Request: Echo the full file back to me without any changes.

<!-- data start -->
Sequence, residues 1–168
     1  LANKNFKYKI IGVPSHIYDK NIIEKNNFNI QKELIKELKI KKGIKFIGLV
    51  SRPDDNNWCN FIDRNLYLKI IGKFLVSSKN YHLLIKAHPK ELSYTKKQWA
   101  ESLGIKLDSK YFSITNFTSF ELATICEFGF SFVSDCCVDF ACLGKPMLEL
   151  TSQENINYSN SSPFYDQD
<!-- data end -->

Sequence, residues 1–168
     1  LANKNFKYKI IGVPSHIYDK NIIEKNNFNI QKELIKELKI KKGIKFIGLV
    51  SRPDDNNWCN FIDRNLYLKI IGKFLVSSKN YHLLIKAHPK ELSYTKKQWA
   101  ESLGIKLDSK YFSITNFTSF ELATICEFGF SFVSDCCVDF ACLGKPMLEL
   151  TSQENINYSN SSPFYDQD